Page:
Then was he well in years (the fame that he And nature (which all acts of life designs)

Was consul, that of my nativity) Not like ill poets, in the last declines :

(A ftripling then) in his fourth consulate But some one part must be the last of all,

On him a: Capua I in arms did wait. Which, like ripe fruits, muft either rot, or fall.

I five years after at Tarentum wan And this from nature must be gently borne, The quastorship, and then our love began; Else her (as giants did the Gods) we scorn. And four years after, when I prætor was,

LÆl. But, sir, 'tis Scipio's and my defire, He pleaded, and the Cincian law did pass. Since to long life we gladly would aspire, With useful diligence he us'd to engage, That from your grave instructions we might Yet with the temperate arts of patient age hear,

He breaks fierce Hannibal's insulting heats; How we, like you, may this great burthen bear. Of which exploits thus our friend Ennius treating

CAT, This I resolv'd before, but now shall do He by delay restor'd the commonwealth, With great delight, since 'tis requir'd by you. Nor preferr'd rumour before public health.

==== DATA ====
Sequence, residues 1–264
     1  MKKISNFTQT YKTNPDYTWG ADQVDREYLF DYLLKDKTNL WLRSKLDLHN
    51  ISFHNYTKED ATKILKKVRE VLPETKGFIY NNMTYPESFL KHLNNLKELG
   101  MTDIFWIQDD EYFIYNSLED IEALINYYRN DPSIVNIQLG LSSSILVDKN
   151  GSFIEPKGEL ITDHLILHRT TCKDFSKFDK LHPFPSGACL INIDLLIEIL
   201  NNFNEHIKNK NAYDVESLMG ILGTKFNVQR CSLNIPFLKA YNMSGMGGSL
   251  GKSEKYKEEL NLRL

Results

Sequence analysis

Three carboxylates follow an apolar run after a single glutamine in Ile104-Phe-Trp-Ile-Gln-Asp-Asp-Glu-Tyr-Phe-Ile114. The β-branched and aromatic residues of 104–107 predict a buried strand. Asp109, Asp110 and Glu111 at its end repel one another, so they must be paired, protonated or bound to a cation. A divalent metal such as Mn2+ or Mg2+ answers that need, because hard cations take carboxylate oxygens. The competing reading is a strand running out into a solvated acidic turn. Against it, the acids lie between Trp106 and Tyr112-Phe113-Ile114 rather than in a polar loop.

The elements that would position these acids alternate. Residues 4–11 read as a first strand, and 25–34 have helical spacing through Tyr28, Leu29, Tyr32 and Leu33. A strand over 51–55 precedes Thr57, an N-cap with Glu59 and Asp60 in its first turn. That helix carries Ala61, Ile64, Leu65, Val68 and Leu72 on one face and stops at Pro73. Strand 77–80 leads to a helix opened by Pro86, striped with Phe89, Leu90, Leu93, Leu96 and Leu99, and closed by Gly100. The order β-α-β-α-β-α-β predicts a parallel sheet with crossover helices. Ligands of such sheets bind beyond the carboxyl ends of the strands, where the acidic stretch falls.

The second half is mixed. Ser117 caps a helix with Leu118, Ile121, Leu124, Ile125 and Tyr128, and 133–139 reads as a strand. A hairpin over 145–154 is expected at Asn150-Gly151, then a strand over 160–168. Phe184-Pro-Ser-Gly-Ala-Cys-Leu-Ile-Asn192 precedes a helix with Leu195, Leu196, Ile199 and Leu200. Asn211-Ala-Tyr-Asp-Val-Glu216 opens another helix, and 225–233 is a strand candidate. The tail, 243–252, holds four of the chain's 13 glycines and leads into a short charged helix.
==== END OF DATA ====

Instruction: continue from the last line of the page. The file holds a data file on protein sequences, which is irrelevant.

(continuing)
LEL. If to yourself it will not tedious prove,
Nothing in us a greater joy can move,

That as old travellers the young instruct,
Your long, our short experience may conduct.

When I refect on age, I find there are CAT. 'Tis true (as the old proverb doth relate)

Four causes, which its misery declare. Equals with equals often congregate..

1. Because our body's firength it much impairs : Two consuls (who in years my equals were)

2. That it takes of our minds from great oifairs : When senators, lamenting I did hear,

3. Next, ibat our sense of pleasure it deprives : That age from them had all their pleasures torn,

4. Laf, that approacbing death attends our lives. And them their former suppliants now scorn :

Of all these fevral ca:fe's I'll discourse, They, what is not to be accus'd, accuse,

Aiut then of excb, in order, weigh the force." Not others, but themselves their age abuse;

THE FIRST PART. Else this might me concern, and all my friends,

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Whofe cheerful age, with honour, youth